In the 1950s, a sleazy gossip magazine that exposed movie stars’ private lives became a bestseller.
Historian and law professor Barbas (Univ. of Buffalo School of Law; Newsworthy: The Supreme Court Battle Over Privacy and Press Freedom, 2017, etc.) traces the creation, heyday, and demise of Confidential, a celebrity scandal magazine published by Robert Harrison (1904-1978), whose career in journalism took off in the 1940s with a spate of girlie magazines that featured scantily clad and naked “babes” along with a dollop of sadomasochism and fetishism. Always on the lookout for more readers, in 1953, Harrison focused on America’s 50 million moviegoers, who thronged to theaters each week and bought the many fan magazines that had proliferated since the 1920s. Harrison was not content with promoting the whitewashed images of stars put forth by studios. Instead, he gathered gossip from sources including hotel and restaurant workers, celebrities’ friends and enemies, hairdressers and bartenders, prostitutes and lovers, film crews, close and distant relatives, and “disgruntled maids and butlers.” Vetted by a team of lawyers, the stories in Confidential were written carefully to avoid libel suits—until some stars rose up indignantly and finally brought the magazine down. Harrison, as Barbas portrays him, was cynical, homophobic, and racist, attitudes reflected in his publications; one of his editors derided him as “rude, crude, and unlettered.” He was also “shrewd, meticulous, and demanding,” a workaholic and micromanager, with a sure eye for what the public wanted; in the 1950s, American readers wanted sleaze. “Confidential,” writes the author, “played to the fantasies, curiosities, and fears of a nation that was deeply conflicted about sex” and “offered an enticing vision of what a less-repressed world might look like.” Despite a veneer of cultural analysis, Barbas plays into the same desire for sleaze that fuels contemporary exposé publications by reprising in detail the magazine’s lewd revelations that shattered marriages, ruined careers, and shamed many individuals.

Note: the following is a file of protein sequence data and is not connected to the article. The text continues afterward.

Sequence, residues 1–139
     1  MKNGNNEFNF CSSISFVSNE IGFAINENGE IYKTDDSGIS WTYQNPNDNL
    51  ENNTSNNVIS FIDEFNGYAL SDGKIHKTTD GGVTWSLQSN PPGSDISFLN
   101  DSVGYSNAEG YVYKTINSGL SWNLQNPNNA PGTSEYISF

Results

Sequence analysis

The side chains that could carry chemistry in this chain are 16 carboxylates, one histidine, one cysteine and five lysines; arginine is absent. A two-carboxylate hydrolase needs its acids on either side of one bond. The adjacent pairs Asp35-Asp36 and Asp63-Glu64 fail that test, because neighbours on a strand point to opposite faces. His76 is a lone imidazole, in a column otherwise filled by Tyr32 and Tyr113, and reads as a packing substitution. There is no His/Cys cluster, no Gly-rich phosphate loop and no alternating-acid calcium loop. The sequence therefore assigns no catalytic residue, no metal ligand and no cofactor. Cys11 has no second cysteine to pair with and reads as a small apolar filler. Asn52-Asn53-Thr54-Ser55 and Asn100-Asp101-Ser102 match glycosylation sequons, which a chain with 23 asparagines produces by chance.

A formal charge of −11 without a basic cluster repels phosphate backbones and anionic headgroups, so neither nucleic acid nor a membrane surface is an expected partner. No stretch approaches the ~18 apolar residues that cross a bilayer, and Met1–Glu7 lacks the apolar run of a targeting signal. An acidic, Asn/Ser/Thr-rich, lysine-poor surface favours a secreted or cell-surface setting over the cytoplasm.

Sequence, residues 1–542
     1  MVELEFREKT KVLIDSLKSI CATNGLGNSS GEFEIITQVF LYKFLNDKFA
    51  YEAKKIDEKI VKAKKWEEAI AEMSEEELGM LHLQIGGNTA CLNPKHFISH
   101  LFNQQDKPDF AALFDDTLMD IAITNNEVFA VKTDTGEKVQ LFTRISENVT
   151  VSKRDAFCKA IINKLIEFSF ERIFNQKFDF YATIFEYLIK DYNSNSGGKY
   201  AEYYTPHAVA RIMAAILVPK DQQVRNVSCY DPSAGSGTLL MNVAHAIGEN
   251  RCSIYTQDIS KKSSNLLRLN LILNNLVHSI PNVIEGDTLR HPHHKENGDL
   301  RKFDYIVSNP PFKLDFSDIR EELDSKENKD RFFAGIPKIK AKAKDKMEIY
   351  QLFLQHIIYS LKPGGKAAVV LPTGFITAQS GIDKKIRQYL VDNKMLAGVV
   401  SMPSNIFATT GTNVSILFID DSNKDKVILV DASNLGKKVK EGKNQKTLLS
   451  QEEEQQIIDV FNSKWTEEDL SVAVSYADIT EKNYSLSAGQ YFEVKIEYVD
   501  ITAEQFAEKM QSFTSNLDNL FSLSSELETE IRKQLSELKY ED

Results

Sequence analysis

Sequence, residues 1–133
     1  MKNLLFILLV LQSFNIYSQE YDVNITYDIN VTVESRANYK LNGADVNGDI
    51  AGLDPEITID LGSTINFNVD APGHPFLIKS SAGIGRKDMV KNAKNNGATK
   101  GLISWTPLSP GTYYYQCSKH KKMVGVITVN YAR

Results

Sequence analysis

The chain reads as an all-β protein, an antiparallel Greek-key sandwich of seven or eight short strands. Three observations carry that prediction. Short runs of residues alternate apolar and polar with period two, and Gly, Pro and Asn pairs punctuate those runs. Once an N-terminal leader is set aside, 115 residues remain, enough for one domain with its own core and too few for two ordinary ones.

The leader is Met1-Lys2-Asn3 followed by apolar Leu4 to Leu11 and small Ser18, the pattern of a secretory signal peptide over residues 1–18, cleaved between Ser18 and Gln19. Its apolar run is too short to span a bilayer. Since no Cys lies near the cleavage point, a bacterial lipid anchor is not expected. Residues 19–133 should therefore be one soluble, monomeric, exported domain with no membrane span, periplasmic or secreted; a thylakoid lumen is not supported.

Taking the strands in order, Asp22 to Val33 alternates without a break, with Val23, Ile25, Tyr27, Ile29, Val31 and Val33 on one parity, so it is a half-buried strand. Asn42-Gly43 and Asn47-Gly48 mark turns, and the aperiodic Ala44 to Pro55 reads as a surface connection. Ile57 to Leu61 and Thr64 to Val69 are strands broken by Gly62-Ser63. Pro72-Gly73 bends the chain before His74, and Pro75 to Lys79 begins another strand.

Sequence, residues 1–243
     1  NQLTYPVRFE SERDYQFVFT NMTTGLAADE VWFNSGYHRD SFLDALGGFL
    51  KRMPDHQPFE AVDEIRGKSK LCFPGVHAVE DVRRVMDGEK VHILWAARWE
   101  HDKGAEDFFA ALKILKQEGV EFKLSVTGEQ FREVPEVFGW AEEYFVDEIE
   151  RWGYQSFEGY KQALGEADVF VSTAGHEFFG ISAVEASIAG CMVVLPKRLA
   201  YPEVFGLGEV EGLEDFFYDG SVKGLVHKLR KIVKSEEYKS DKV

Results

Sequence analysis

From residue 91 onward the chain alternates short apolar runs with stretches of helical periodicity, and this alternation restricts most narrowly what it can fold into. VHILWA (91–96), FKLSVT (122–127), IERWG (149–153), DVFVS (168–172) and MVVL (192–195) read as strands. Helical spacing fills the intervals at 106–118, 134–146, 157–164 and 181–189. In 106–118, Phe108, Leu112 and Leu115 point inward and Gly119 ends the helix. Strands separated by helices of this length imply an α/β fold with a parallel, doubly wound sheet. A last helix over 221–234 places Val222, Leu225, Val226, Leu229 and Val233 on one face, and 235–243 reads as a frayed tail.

A thoroughly researched history of a lurid publisher and Americans’ lust for scandal.